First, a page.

I use regular all-purpose flour for my everyday pizza recipe. I want to try a whole wheat dough but don't have a good one yet. The amount I use is exactly what you see in this picture. It is a 1 1/2 cups measuring pitcher filled with flour all the way, as much as possible.It is not quite 2 cups, but almost.  This translates into about 400 grams of flour. I start with about 350 grams and use the rest as needed.

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The other dry ingredients are 1 package of dry active yeast (7 g), 1 t teaspoon of salt and 1 teaspoon of sugar. Everything is whisked together and then 1 tablespoon of olive oil is added along with 200ml (7 oz) of warm water.

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After mixing in the olive oil and warm water with a spoon or spatula, everything goes into the bowl of a stand mixer. Attach the dough hook and knead on low for about 4- 5 minutes (this can be done by hand too).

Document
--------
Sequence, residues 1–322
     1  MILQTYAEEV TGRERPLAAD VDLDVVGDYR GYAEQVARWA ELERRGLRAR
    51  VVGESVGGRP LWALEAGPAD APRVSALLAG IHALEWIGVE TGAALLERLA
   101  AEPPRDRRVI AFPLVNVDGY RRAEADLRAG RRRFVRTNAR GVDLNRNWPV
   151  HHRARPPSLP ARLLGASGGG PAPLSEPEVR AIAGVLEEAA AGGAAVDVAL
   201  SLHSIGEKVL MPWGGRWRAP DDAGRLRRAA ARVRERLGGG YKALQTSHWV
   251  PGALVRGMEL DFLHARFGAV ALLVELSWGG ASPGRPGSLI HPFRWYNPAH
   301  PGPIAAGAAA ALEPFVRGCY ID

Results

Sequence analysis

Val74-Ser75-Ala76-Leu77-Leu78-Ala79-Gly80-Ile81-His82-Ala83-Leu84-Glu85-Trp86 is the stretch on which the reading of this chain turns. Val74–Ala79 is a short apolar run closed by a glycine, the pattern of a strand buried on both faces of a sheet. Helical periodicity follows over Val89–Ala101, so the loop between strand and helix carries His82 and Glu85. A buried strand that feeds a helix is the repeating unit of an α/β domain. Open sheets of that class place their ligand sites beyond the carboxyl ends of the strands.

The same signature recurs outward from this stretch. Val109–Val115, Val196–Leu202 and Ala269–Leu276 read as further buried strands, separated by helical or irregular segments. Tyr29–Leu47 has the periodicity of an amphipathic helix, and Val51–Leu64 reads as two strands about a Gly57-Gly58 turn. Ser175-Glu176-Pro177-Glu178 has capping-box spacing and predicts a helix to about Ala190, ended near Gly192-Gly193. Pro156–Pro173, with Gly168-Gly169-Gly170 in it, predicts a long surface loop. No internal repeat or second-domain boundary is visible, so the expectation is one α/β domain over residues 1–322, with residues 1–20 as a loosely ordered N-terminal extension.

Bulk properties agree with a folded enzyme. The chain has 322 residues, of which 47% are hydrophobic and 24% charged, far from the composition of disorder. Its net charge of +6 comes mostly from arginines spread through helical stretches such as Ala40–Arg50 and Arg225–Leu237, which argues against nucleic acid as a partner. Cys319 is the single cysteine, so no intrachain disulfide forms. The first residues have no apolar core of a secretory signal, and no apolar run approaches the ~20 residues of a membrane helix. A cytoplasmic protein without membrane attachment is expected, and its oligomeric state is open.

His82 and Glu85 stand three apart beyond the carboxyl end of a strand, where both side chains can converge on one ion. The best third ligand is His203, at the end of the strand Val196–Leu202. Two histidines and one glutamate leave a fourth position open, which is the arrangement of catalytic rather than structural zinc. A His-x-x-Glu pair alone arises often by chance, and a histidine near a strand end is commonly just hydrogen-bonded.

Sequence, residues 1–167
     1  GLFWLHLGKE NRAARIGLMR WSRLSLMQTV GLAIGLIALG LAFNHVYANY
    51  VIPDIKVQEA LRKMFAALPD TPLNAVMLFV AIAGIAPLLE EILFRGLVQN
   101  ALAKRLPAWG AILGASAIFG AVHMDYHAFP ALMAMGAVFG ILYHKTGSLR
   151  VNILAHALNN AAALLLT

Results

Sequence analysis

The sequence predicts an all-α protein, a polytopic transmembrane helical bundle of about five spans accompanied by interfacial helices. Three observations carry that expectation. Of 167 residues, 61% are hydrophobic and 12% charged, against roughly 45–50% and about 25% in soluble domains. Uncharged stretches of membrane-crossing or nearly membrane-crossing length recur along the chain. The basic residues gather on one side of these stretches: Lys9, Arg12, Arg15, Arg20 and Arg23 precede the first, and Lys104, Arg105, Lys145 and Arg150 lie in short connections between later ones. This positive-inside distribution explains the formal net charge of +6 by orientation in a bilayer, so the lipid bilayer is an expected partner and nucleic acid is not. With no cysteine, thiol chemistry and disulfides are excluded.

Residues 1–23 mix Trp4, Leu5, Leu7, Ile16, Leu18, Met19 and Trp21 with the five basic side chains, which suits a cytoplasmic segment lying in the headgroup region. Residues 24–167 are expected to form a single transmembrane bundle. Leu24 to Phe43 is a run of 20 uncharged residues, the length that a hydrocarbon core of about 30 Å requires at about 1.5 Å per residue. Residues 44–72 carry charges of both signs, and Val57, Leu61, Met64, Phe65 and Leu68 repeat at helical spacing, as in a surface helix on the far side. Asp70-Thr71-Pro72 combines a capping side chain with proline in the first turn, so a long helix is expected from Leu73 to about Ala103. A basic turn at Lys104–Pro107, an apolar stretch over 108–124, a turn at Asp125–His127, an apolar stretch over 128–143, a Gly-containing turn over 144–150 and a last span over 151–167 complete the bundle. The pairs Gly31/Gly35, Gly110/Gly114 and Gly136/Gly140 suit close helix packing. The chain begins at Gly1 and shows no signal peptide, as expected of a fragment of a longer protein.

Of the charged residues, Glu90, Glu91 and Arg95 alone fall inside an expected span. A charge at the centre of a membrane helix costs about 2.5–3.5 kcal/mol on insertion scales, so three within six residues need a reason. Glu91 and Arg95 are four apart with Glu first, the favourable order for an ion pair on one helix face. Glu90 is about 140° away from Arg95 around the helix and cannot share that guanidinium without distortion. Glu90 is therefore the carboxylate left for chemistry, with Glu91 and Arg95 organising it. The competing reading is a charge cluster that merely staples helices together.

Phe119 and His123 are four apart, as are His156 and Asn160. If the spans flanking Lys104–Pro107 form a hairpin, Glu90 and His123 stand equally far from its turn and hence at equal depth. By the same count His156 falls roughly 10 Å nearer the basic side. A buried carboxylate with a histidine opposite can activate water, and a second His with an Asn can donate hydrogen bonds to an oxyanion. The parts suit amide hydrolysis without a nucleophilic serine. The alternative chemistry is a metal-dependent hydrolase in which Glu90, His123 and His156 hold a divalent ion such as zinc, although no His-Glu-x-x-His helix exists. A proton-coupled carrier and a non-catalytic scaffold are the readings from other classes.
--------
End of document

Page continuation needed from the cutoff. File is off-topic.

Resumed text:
The dough should be wet and sticky. A dry dough will give you a tough pizza.

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This is how it looks like when it comes out of the mixer, very soft but it holds together.

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The dough then gets transferred to an oiled bowl, covered with a kitchen towel and rests for about 1 hour at a warm spot. I put it near the fire place when it's too cold.



After about 1 hour resting it's time to punch down the dough and transfer it to a well floured surface. I like to dip my hands in flour before doing that so it won't stick so much.



Flour the surface very well and keep adding more flour as needed, but don't over do it, just enough for the dough not to stick to your hands. Make one ball of dough.